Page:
Dave had taken on a little water in his rolling practice and he was looking a little unstable. Sure enough, he went over. I turned to see if I could help. Drew and Ruth continued on to find a place to land. Ian was right there for a rescue. Dave rolled right up first try.
By this time we were almost out of the worst of the waves. We paddled around the point looking for a suitable place to land and drain Dave. Most of the shore was large rocks with little opportunity for easy landing. It would do in pinch, but this was not yet a pinch. Dave and Drew decided to pump Dave out, so they rafted together with Ruth. Ian and I drift around talking about the crossing of Quick's Hole, the relative merits of various kayak designs, and assorted other things that one talks about when drifting in a kayak, during a slow drizzle, off Nashawena , with 20+ knot winds blowing above your head. Ian allowed as to how there were one or two times when he actually had to brace while crossing Quick's Hole.
Drew got Dave pumped out and learned how to close Dave's hatch and we continued on. We immediately found a beach suitable for landing. Since we were now almost to Cuttyhunk we didn't bother.
It looked like there were breakers all the way across the entrance to Cuttyhunk. The wind blew the tops of the waves into spectacular spin drift. After the Quick's Hole experience Dave wasn't too happy about it. I led the way across, looking for a break between the waves. They actually didn't look exceedingly large, the wind was just making them look menacing. The passage up the center of the channel looked relatively calm. I kept an eye out for other places where the waves broke as we neared the other side. A nice long section of spindrift appeared of a wave directly where I was considering going. So I didn't.
There was an alternative. Cuttyhunk harbor is protected from the south by an exposed sand bar with a breakwater at the end. When I had looked at Ian's chart I had noticed the sand bar was quite narrow at some points. By heading south around the breakwater we had sheltered paddling up to the sandbar. I aimed for what appeared to be the lowest part and landed on a nice sand beach.
Dave did a quick roll before landing to prove to himself that he could. We then carried the boats across the bar and paddled the rest of the way into the harbor.
Cuttyhunk is a popular cruising spot during the summer, but two weekends before Memorial Day it is pretty sleepy. There were three sail boats moored and a few boats at the town pier. The people we were renting our accommodations from came down in their pickup to help us with our stuff. They informed us that no restaurants were open and the general store closed at 4:30, in other words 15 minutes ago. Contemplating PB&J for dinner we checked out the house where we were spending the night.
The house had a shower. Our hosts brought over some spare provisions. The sky was clearing. All was right with the world. After hot showers all around we took a walk around the island.
Last time I was at Cuttyhunk it was inundated with deer. The deer are no longer a problem, there are just 2 or 3 bunnies on every lawn. Browsing bunnies, boxing bunnies, bounding bunnies, big bunnies, baby bunnies, bunnies, bunnies, bunnies. And happy dogs.
Cuttyhunk is not a big island but it has a small year-round population, a school, library, and historical society. We quickly covered most of the island and took in a beautiful sunset. The proprietor of the general store even opened up to let us buy the makings of spaghetti and breakfast.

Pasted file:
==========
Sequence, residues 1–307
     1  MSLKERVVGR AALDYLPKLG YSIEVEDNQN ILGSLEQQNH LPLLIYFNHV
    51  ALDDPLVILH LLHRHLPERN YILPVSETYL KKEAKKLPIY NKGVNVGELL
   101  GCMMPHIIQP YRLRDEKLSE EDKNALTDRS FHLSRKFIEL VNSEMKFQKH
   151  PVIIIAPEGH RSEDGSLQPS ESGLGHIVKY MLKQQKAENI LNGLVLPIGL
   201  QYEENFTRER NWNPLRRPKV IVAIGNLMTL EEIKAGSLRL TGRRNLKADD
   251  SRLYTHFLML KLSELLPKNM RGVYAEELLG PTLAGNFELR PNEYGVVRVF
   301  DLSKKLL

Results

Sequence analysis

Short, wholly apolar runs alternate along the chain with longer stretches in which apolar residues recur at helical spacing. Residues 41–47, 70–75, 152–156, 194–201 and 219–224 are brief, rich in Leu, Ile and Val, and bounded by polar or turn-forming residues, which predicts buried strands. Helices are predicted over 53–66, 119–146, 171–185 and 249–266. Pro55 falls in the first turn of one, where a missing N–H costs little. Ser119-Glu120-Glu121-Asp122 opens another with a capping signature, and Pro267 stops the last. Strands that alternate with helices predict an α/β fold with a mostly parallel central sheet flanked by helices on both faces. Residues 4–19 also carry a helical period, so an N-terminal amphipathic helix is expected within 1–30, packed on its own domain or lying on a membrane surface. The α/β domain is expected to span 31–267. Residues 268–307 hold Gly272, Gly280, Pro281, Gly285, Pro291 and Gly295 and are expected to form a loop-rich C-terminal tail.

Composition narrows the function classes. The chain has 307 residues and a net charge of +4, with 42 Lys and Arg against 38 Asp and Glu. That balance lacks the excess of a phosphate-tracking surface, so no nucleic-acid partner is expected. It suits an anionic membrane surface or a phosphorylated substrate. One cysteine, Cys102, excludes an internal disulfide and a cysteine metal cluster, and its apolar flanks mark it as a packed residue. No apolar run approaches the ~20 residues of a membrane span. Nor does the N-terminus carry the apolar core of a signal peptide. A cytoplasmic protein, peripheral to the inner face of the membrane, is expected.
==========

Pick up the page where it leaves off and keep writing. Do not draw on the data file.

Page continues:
Nobody had any problem sleeping and we awoke to a glorious clear day. A slight wind blew in from the northeast. After an scrambled egg breakfast that couldn't be beat, we paid our hosts, packed the kayaks and headed out.
A completely different day from the trip out. Clear and sunny with a breeze of less than 10 knots. Sure, it was in our face, but it served to cool us down. The view over our shoulder back toward Cuttyhunk presented a cozy little village on a pretty little island. This is not what it looked like in the wind, rain and mist of the previous day. I had fun doing slalom through the rocks a long the shore.
We pulled out at the eastern end of Nashawena to reconnoiter Quick's Hole before crossing and relieve bladder pressure. There was a heard of contented looking Highland cattle grazing on the point when I miss a great photo-op of Dave with his wet suit down around his knees. Quick's Hole was very calm, but nobody wanted to explore the white caps I saw.
We put back in and made an uneventful crossing over to Pasque. After more rock slalom, we made it to Robinson's Hole. We crossed over to a nice beach on Naushon, for lunch. After a good meal including, chips and salsa, Pringles, and cookies we continued on up the coast.
I like paddling right on the edge of the ocean. In amongst the tidal rocks you can find a lot of fun. Cutting through narrow gaps between boulders, finding alternate paths out of little bays, timing the waves to make it over a shallow spot, it beats taking the straight point-to-point path. Sure, you paddle further, but you aren't paddling because its the fastest means of getting there anyway. Of course my brand-new wood kayak now has some ugly dings and scratches.
Dave knew the back way in to Hadley harbor, so we headed in for a nature break on Bull Island. After doing what needed to be done and reading the informative sheet posted about Lyme disease, we made the final push back to Wood's Hole.
Just as we passed Penzance entering Wood's Hole harbor, we sighted the first other kayakers of the trip. We pulled into Eel Pond eight hours after leaving Cuttyhunk. Ian and Drew practiced some rolls before we packed up.
We arranged to meet Donna and Lisa at the Bourne rotary, from there we went to "Stir Crazy" and excellent Cambodian Restaurant. The drive home after dinner took a couple hours.